In Memoriam: Robert Schuettinger

I think I first met Bob Schuettinger in 1999. From that first meeting, sitting in Christopher’s on N. Wayne Ave., with him  holding forth in his distinct Yankee accent to Allen Guelzo and me, regaling us with a taste of his innumerable eccentricities (“I’ll have another Manhattan, if you don’t mind. They just don’t know how to make these in Oxford.”), and most of all his passion for liberal, humane life and learning, I knew I was in the presence not just of a real character, but of a good one as well. The years only repeatedly proved this, and often in spades. My true measure of Bob (as I always knew him) came when we met again about two years later, though this time Allen wasn’t with me, and we dined at another restaurant. Bob had a friend with him, a lady form DC, and we were joined by a colleague of mine, a rather humorless scold so innocent of imagination that Bob and his friend quickly tired of the conversation, only for my colleague, dauntless in boring us, piped up that her family came from Scotland. At once Bob’s friend pulled out of her purse an article she said had appeared in the London Telegraph about new research showing that Scots were descended from Neanderthals. My colleague, sadly, never got the barb. Bob and I exchanged looks, equal parts horror and glee. It was then he told me that were I ever coming back to Oxford to let him know. So, of course I did.

The first time back was for five weeks at the end of the summer of 2003. He put me up in a house right on St. Michael’s Street in the heart of Oxford, across from the Three Goats Head Pub. It was wonderful. I was there with a political scientist from San Diego State, George, a very devout Roman Catholic who loved to go to the Oratory for Latin Mass. He had graduated, as had Bob, from St. Anthony’s college, Oxford. Bob had studied there under Sir Isaiah Berlin, though the pupil hardly embraced his mentor, with the real exception of Berlin’s outstanding article, “Two Concepts of Liberty.” Bob got an M.A. from St. Anthony’s and it served as a bookend with his other M.A., which he had gotten from Chicago where he had studied under Friedrich Hayek (who was far more Bob’s mentor). His first book, which I take was an expansion of his MA thesis, was a study of Lord Acton. He gave me a copy, which I just pulled out the other day to show one of my students (Bob’s holding a copy in the picture above). Bob was author or editor of some nineteen books on politics, political economy, and economics. He had a strong sense of monetary policy and wrote often enough on price controls, theoretically, as both Mises and Hayek showed, an ax to the root of any socialist or command economy’s putative economic theory. His articles appeared at all sorts of websites: Mises Institute, Foundation for Economic Education, Foreign Affairs, etc.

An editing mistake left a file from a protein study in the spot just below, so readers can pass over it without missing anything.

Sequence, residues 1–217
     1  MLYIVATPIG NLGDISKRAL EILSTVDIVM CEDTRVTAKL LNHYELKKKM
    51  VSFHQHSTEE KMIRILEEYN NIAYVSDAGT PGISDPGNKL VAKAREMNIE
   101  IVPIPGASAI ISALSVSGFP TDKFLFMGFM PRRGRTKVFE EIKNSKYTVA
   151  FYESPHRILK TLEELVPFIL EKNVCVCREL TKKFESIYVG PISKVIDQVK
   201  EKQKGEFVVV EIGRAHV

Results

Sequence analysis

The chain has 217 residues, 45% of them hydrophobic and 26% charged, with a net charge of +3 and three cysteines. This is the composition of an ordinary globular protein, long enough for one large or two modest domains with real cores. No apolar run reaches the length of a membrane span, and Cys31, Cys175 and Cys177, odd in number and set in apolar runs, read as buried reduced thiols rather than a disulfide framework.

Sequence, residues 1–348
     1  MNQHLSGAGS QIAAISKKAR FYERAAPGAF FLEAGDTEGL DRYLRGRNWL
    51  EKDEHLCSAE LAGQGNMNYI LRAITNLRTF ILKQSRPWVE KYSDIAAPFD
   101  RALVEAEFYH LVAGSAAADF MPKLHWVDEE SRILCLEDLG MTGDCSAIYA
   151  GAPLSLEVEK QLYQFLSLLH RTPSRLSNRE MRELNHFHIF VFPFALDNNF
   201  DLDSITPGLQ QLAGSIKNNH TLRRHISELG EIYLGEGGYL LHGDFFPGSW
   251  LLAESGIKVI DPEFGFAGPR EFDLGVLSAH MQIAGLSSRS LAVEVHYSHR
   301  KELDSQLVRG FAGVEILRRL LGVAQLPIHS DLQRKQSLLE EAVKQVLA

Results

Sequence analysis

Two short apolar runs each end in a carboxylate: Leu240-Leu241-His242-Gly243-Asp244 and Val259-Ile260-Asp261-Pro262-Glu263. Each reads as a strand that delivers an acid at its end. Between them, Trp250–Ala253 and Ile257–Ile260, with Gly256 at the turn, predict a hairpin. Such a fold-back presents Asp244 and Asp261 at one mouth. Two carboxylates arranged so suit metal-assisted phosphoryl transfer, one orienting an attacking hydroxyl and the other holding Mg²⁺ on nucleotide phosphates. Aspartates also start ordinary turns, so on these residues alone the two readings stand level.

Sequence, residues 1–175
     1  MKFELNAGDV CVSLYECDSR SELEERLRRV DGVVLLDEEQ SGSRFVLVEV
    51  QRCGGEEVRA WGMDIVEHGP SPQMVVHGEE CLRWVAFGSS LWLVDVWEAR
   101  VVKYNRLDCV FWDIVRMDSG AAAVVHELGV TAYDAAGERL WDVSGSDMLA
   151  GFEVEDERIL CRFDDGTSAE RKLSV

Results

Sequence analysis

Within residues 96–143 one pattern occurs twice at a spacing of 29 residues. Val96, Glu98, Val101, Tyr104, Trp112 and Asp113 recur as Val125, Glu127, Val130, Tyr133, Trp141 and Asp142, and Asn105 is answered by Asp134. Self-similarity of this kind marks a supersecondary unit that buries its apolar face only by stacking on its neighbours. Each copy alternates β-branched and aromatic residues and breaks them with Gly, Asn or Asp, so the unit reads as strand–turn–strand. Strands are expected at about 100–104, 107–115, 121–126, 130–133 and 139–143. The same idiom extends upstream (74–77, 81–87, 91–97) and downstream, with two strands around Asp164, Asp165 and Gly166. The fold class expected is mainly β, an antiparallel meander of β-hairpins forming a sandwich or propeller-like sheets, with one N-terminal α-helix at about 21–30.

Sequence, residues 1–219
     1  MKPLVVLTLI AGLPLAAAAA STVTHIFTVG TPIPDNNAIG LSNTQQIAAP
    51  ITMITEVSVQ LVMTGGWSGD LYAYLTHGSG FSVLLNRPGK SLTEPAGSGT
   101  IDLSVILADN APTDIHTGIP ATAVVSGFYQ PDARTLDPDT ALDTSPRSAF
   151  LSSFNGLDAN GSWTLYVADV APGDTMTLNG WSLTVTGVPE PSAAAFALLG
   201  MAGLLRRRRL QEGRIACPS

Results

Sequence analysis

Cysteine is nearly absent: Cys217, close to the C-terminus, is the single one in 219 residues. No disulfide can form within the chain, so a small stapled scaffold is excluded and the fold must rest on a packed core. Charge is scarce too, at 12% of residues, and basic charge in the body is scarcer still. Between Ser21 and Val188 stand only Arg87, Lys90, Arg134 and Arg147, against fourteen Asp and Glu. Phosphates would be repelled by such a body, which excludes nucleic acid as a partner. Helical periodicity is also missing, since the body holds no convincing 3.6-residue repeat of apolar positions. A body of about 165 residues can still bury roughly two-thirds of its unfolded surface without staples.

Bob taught at both St. Andrews University in Scotland and Yale University (where he had been an Associate Fellow of Davenport College, Yale since 1974). He also lectured at the Kennedy School of Politics in Harvard, and was for a three year term a Visiting Research Fellow in International Relations in Mansfield College, Oxford. He taught an Oxford seminar in diplomacy jointly with Professor Lord Beloff, FBA, Fellow of All Souls College. He was a Visiting Research Fellow of Oxford University’s Rothermere American Institute (he was elected by the RAI’s Fellowship Committee in April 2013), and was an Associate Member of the Senior Common Room of Christ Church, Oxford. He was also appointed by Christ Church to the college’s Board of Benefactors. But this hardly exhausts Bob.

He served as a senior aide in foreign affairs in the U.S. House of Representatives, as deputy to the Under Secretary of State for Security Assistance, as a senior policy aide in foreign policy in the White House and in the Senior Executive Service in the US.. Information Agency and the Pentagon (Director of Long-Range Policy Planning). He was also Assistant Director for National Security Policy in the Reagan Transition Office. He was Director of Studies in the largest think-tank in Washington, The Heritage Foundation, and was founding editor of its social science quarterly, Policy Review, now published by the Hoover Institution of Stanford University. I should note that Bob, despite the above litany, hardly thought well of modern conservativism, especially of those neo-Jacobins, the neoconservatives (Weekly Standard, National Review, John Bolton), as Bob had no stomach for America as world policeman, always running around looking for monsters. He agreed with Randolph Bourne that war was the health of the state, and no freedom ever emerged from the process of war.